keyways

Mill keyways on your lathe
By C. W. WOODSON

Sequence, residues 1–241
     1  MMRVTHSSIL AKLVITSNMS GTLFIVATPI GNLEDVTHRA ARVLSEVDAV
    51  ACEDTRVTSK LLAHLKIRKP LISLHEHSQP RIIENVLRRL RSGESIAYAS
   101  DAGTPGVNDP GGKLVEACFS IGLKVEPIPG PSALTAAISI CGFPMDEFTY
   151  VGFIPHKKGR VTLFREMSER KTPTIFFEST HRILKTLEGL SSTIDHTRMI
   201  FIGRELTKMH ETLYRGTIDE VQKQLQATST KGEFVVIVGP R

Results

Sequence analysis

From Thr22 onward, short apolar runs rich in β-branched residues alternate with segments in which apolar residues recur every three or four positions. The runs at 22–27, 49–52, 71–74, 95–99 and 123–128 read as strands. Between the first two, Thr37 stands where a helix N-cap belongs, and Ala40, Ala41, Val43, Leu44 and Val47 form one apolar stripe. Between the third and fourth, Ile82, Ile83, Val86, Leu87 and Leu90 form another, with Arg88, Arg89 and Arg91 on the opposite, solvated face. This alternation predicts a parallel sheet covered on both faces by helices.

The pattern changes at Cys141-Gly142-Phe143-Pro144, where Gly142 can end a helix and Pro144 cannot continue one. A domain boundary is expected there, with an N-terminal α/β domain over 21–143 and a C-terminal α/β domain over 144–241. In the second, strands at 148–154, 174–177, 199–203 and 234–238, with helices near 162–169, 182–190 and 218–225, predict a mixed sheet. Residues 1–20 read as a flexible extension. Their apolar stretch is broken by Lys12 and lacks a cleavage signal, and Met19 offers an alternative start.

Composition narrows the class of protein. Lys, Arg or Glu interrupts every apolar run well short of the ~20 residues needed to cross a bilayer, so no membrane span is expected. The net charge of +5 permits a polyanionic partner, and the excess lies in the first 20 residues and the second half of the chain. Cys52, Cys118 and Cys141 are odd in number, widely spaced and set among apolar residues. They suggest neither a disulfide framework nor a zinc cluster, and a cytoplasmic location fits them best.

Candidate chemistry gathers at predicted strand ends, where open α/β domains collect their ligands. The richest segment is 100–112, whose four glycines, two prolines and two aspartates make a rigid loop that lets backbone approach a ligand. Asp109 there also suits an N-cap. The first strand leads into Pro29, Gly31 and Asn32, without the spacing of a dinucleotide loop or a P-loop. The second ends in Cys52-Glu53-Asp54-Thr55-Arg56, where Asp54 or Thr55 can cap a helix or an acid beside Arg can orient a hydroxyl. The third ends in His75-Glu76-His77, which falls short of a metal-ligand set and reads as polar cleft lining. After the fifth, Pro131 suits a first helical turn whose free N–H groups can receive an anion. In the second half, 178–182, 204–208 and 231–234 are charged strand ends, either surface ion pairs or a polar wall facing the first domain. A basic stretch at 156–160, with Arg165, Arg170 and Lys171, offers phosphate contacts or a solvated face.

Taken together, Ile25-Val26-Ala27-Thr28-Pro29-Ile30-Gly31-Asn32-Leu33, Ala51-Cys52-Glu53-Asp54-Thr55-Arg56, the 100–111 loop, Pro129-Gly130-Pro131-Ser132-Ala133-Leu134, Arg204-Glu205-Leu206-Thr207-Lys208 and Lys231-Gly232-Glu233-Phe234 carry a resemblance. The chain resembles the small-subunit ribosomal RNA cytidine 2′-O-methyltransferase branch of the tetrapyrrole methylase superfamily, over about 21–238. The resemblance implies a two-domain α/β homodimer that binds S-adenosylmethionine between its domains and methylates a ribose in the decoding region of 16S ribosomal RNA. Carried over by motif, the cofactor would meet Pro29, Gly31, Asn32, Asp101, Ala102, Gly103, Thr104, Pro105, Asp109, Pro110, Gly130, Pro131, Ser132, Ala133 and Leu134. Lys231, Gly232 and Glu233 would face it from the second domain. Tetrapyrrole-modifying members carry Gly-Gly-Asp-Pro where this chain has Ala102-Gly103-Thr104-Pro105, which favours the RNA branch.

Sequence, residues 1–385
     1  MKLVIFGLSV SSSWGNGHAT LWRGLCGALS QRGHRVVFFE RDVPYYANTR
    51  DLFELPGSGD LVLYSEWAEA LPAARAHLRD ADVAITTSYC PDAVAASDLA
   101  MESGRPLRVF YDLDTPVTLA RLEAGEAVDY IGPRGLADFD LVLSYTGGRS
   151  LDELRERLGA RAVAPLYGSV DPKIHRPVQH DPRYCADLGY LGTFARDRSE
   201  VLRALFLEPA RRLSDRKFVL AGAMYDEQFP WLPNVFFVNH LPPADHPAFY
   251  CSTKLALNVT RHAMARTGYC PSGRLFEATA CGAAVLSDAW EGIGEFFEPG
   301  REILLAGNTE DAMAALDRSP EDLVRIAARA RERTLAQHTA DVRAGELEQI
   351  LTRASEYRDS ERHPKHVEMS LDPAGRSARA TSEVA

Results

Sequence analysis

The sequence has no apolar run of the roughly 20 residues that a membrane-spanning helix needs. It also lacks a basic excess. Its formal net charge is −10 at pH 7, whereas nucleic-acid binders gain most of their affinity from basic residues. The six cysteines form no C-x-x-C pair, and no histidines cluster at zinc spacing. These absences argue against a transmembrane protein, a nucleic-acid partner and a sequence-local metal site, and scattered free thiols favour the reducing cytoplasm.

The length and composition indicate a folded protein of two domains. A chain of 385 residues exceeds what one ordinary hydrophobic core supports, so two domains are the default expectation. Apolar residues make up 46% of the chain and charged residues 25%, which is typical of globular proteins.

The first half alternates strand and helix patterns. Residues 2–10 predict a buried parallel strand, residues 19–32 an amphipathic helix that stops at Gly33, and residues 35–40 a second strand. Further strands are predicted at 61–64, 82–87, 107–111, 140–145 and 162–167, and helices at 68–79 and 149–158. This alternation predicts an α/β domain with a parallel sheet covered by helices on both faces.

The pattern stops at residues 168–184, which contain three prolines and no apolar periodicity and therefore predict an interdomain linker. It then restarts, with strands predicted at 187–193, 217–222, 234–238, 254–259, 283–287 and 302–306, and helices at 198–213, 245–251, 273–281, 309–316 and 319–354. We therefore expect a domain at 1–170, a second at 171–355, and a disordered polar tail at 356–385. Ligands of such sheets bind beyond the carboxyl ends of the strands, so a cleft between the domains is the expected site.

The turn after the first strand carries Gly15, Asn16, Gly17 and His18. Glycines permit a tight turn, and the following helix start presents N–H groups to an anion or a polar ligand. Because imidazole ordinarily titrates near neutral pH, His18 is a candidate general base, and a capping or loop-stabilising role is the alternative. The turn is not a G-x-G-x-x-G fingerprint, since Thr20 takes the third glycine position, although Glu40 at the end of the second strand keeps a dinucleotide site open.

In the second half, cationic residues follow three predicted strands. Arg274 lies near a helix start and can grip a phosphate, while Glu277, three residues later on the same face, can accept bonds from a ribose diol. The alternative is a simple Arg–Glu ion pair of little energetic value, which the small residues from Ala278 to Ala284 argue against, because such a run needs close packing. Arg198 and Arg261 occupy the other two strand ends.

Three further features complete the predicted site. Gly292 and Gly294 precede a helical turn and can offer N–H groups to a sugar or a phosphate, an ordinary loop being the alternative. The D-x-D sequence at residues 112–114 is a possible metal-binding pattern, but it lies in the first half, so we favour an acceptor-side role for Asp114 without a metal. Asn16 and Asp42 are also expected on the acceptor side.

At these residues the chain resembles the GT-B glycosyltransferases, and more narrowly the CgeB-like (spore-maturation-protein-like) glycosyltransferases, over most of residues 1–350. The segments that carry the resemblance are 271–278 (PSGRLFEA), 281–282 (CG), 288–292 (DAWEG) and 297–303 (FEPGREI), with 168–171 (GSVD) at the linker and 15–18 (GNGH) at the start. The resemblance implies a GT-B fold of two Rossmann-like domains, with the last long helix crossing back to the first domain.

IS YOUR MACHINE SHOP limited to a lathe? No matter; you can teach a lathe to perform nearly all machining operations. Start with cutting keyways in shafts of various diameters. You can hold straight-shank end mills in a collet chuck or taper-shank adapter in the headstock spindle. You'll have to make the sturdy clamp you mount on the compound rest to position the work. The carriage and crossfeed screws let you move the work into the cutter and draw it past. Thus you can cut both open-end keyways and blind slots. One such clamping fixture can be made of heavy angle (Fig. 1) bored to take the toolpost and clamped to the rest by a steel bar in the toolpost slot. After it's in place mill a V-groove across its face (cross section) by mounting an angular cutter in the headstock and drawing the work past it with the cross feed. This lets you clamp the work in an accurate horizontal plane at lathe-center. An alternate fixture (Fig. 2) is a steel block bored to receive a flanged post (like the lower end of the toolpost) so you can clamp it to the compound rest's T-slot with a large capscrew. Figs. 3 and 4 show setups with a Woodruff keyway cutter; the cut is made at right angles to the spindle. Woodruff keyseats are made by clamping the work in a vertical position and feeding it into the cutter. Again, an accurate V-groove helps to position the work quickly and accurately.

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